Penalty bid provisions may be included in underwriting contracts for initial public offerings (IPOs) in order to complement price stabilization mechanisms such as stabilizing bids and short covering in the aftermarket. They are intended to discourage flipping, that is, immediate reselling, of the allocated shares when the share price declines due to weak demand in the secondary market.
The rationale behind penalty bids is to create an incentive for the members of the distribution team, that is, syndicate members, to allocate the shares to investors who will hold onto the shares or who can easily be discouraged from flipping.
Penalty bids typically result either in forfeiture of the selling concession, that is, the distributing firm’s compensation for the distributed shares, or in exclusion of distributing firms or of investors from future allocations. the force of the threat of exclusion, however, is very limited for large institutional investors who are indispensable for successful future placements.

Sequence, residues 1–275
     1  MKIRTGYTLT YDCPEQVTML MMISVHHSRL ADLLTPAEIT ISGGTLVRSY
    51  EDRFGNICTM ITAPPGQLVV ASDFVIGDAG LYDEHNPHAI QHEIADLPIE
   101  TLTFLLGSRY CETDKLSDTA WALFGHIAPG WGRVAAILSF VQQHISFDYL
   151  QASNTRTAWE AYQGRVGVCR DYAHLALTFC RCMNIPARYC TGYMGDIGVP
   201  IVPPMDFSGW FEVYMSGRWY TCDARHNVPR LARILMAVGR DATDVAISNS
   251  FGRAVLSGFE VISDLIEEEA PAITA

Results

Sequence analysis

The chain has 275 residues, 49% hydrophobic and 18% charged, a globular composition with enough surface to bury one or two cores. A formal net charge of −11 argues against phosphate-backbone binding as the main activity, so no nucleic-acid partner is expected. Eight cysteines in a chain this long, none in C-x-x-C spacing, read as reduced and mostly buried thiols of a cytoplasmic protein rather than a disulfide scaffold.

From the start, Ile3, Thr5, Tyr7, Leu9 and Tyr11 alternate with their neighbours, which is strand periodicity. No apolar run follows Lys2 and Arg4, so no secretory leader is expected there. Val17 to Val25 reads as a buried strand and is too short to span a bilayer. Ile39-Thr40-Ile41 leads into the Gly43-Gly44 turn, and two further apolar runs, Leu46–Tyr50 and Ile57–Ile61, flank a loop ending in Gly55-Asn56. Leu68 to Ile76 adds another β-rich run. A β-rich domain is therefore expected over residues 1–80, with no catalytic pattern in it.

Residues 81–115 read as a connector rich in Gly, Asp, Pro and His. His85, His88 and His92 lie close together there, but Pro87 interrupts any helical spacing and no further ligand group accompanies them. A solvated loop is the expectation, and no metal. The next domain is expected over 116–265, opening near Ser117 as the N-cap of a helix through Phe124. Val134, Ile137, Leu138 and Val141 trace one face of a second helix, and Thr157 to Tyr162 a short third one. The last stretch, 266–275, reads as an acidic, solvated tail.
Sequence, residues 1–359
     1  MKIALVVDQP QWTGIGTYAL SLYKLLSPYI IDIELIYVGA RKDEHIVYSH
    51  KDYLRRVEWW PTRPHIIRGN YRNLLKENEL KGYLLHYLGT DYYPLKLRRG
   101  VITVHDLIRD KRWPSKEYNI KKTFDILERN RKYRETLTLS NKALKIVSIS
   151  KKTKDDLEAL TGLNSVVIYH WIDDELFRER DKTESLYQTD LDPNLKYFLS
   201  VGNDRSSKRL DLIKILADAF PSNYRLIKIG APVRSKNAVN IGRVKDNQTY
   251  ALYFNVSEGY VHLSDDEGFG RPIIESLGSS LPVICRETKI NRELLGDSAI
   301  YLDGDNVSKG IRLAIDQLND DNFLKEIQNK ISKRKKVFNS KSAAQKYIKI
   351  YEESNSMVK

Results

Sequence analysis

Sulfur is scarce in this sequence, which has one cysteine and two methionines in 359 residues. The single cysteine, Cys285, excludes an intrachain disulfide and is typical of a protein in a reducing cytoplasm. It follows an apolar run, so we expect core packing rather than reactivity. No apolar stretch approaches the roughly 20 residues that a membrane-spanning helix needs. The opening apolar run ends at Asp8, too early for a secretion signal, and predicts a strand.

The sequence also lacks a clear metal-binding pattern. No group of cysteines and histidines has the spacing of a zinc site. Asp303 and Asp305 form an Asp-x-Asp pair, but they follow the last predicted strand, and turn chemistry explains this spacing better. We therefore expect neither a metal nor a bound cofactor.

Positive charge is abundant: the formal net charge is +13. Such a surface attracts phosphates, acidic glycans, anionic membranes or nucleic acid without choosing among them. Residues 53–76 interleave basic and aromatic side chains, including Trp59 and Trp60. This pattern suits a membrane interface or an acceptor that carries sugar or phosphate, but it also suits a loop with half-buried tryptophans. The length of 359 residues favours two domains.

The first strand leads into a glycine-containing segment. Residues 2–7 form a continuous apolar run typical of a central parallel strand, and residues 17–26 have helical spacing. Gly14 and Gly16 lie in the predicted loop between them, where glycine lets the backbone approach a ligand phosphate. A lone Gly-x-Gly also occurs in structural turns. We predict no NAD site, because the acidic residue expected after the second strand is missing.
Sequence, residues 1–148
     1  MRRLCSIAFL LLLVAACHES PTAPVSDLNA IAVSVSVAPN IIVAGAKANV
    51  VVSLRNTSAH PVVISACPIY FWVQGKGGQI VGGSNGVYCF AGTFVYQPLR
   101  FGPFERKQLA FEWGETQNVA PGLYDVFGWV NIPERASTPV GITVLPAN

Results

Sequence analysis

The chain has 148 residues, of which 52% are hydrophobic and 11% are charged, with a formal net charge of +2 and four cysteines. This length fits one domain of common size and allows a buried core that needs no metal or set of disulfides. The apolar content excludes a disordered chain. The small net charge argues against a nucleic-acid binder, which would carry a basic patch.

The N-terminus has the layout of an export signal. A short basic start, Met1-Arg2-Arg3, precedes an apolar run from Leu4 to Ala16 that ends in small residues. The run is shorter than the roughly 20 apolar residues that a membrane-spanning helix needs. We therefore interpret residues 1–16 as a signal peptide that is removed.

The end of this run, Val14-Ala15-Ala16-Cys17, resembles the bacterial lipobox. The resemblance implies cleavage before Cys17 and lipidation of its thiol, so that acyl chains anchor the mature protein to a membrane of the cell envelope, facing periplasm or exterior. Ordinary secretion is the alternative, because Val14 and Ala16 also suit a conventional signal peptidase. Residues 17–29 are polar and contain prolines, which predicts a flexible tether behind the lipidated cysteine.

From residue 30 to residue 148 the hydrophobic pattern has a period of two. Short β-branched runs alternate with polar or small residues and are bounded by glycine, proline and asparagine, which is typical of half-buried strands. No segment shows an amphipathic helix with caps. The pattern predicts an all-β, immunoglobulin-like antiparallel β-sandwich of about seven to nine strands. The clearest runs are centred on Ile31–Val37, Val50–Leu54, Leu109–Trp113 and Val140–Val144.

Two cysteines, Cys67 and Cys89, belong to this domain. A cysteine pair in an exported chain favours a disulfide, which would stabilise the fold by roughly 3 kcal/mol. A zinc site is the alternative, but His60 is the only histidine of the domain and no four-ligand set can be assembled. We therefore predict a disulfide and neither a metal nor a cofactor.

The assessment of the penalty bid is not fixed in advance. In contrast, the lead underwriter may assess the penalty bid ex post. Typically, the penalty bid will not be assessed when market liquidity is low in order to avoid further deterioration of market liquidity or when considerable trading revenues at practically no risk of a price decrease can be generated from high turnover together with an increasing price in the secondary market. The effectiveness of penalty bids crucially depends on a tracking system for the allocated shares.